The Apache Software Foundation (ASF) and our many Apache projects welcome all participants who are willing to respect our community guidelines. There are many behavior or etiquette guides for online communities out there; we have a few Apache-specific tips below.
The ASF has adopted a Code of Conduct which covers interactions in all the online spaces that Apache projects use - email, issue trackers, wikis, websites, IRC, and the like. Apache projects are made up of volunteers, and we work to ensure that all productive contributions are welcomed. Every Apache PMC is expected to ensure their project’s lists show proper behavior.
Apache projects are made up of communities of volunteers from around the world. When you are sending email to an Apache project mailing list, there may be software developers in this country, marketing managers in that country, and homemakers in another country reading your email. They will be reading your mail at all hours of the day, and both at work, at home, and on the go. If you want a response to your questions or suggestions, be sure to be polite and sensible when writing.
There are many amazing people helping out on Apache project mailing lists - but they are all volunteers. Being respectful of the time and culture of others on the list is a key start to making productive contributions.
The ASF as a corporation is run by several hundred Members, who have deep and lasting experience in helping to build and run long-term successful open source projects here at Apache. This is just one member’s take on how to approach communicating in any particular Apache project.
Some General Guidelines
Assume that the other party agrees more than disagrees with you. We tend to leave out agreements and focus on differences. Sometime this is forgotten and escalation becomes absurd for no rational reason.
When in doubt, assume that you are interpreting the message wrongly and kindly ask for verification that you understood a particular topic well.
When writing, assume that every sentence will be misinterpreted. Review and try to reformulate to be as clear as possible.
Use a submissive tone in all writing. Instead of the strong “In my opinion, we must…” or the quite neutral “I think we should…", try to use “Maybe we should consider…” or “Another idea that we could…”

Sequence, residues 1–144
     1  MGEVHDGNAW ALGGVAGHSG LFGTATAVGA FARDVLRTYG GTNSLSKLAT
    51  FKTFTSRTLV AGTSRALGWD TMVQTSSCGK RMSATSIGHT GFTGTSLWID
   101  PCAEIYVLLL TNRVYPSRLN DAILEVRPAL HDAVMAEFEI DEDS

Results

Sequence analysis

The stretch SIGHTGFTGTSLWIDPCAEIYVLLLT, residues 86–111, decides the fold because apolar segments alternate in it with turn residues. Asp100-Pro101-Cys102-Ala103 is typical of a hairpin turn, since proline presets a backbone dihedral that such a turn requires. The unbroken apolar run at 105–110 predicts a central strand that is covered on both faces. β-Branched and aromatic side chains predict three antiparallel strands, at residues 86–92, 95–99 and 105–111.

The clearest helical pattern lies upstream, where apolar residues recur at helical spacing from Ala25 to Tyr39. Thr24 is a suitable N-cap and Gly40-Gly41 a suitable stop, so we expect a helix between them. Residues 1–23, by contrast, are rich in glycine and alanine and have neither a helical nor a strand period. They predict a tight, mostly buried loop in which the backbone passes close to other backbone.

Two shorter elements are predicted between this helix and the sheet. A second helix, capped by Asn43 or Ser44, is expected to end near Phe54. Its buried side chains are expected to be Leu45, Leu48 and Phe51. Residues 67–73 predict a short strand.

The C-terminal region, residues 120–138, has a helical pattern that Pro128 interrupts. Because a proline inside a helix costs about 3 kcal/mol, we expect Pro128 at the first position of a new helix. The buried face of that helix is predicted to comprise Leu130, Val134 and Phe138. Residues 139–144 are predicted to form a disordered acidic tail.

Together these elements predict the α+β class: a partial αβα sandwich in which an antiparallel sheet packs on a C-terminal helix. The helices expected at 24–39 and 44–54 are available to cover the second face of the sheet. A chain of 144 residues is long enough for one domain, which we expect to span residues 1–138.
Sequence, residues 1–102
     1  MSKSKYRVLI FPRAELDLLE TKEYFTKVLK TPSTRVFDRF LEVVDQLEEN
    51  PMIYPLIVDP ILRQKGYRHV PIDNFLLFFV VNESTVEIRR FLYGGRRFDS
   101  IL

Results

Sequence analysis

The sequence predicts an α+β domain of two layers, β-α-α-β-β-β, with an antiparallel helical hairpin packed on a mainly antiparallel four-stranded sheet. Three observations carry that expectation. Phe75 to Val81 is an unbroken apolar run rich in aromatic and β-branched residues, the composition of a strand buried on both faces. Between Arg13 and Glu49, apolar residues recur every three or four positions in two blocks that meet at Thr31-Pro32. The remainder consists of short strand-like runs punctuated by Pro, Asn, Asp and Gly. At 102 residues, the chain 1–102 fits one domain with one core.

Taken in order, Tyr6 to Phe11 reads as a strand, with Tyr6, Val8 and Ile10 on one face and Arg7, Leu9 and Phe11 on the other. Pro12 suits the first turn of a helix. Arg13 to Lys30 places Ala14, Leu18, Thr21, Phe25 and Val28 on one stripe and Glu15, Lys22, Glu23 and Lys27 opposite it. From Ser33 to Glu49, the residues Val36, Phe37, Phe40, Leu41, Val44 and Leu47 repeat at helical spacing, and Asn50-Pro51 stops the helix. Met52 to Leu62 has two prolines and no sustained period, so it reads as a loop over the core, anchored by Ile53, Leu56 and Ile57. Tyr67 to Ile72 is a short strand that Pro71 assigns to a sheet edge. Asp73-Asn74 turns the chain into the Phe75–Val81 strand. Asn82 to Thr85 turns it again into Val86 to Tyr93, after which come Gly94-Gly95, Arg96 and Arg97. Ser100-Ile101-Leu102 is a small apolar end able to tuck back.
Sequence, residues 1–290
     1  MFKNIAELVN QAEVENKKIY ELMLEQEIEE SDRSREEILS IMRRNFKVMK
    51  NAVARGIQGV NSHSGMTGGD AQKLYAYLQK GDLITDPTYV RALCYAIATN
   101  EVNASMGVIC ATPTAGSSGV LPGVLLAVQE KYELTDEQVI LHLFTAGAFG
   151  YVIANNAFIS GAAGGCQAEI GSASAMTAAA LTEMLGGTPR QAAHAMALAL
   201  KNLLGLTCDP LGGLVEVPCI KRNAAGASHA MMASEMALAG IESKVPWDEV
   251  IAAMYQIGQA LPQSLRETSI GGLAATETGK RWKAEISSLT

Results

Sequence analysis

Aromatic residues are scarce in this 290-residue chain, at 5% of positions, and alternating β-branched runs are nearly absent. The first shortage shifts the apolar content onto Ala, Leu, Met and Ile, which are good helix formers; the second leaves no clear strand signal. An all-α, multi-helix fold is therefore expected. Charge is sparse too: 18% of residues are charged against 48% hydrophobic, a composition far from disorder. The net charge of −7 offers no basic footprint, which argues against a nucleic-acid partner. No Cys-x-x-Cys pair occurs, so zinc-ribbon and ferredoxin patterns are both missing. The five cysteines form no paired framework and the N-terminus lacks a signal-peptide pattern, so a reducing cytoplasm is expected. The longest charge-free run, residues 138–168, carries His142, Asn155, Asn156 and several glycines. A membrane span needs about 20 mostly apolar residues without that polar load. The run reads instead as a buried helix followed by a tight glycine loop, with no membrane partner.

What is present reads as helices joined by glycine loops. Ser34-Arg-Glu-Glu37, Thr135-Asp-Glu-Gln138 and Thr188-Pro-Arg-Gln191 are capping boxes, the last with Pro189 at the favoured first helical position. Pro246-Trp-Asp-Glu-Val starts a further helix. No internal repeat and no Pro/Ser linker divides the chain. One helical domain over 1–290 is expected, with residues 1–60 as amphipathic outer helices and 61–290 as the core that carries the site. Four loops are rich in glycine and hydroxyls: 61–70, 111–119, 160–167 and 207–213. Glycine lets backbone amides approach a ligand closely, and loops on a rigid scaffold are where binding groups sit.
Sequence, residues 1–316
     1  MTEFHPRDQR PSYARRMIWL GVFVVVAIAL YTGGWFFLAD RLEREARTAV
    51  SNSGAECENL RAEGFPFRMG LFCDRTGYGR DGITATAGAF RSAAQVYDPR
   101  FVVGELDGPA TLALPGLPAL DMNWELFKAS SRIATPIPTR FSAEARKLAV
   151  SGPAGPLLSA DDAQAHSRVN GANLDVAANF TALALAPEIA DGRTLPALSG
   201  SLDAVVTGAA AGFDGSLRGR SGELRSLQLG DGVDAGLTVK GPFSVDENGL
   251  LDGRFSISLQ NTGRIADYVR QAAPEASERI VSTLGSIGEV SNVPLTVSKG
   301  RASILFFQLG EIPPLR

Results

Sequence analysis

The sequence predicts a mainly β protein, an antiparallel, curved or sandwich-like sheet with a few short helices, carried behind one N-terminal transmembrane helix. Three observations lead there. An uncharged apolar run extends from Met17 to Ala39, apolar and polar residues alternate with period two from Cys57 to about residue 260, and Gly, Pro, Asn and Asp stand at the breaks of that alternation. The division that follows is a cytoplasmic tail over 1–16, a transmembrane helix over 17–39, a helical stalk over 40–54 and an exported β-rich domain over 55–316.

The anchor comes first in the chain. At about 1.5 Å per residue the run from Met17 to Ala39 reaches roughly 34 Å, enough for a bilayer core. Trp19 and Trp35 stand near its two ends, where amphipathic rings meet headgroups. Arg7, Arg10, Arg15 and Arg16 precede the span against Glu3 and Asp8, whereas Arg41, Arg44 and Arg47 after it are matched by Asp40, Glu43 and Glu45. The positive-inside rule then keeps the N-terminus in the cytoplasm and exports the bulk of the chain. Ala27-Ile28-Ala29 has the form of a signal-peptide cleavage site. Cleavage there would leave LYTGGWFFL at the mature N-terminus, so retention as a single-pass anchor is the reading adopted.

If you disagree strongly with an email sent, tag it Important, then put it aside. Read it half a day later again. Put it aside. Read it again next day, and then it is easier to write a balanced and inviting response, instead of the initial vitriol that flows through us when we get upset. I found that sometimes a response wouldn’t be necessary, as the importance was actually much lower than originally perceived, and I would be able to work “with”, instead of “against”, a given change.
Be forgiving and accept different priorities. The other person is not out to get you or attack your work. More often than not, it is one of the above (a-d) that are failing, or that the other person prioritize some aspect higher than you do. Sometimes, this requires compromises, sometimes not and the different priorities can co-exist.
Remember that everyone works on Apache projects as a volunteer. People have jobs and lives outside of their Apache projects, and may need more time to even read messages on the list or respond. Be patient.
Most communities at Apache consists of level-headed, reasonable people, who have a strong vested interest in their Apache project. This interest, often passion, is both the source of tension, but it is also what unites the people within the community. It is easy to forget the vast amount of agreement that exists, and get upset over relatively small disagreements. Ability to put that aside, or downplay the importance, will ensure a harmonious project.
Face-to-Face is excellent way to eliminate disagreements, but that is often not practical. Consider Skype or Google Hangout, just for the social aspect of being part of this community. It should not be formal, and the invitation should go out to everyone, perhaps someone want to make a short presentation of what he/she is doing, to have some “structure”, but that might not be needed either. Once we have a face to the words, and a general idea how that person is socially, we are much more capable to interact by email.
Project decisions must always be made on mailing lists.
It’s great to have a synchronous online chat to work through some questions, but be sure to bring the results of the chat - and any proposals for the project community to consider - back to the mailing list. People who weren’t able to attend the chat or call might also have ideas on the topic. Be sure to allow at least 72 hours for others to read the proposals and comment before closing out the issue.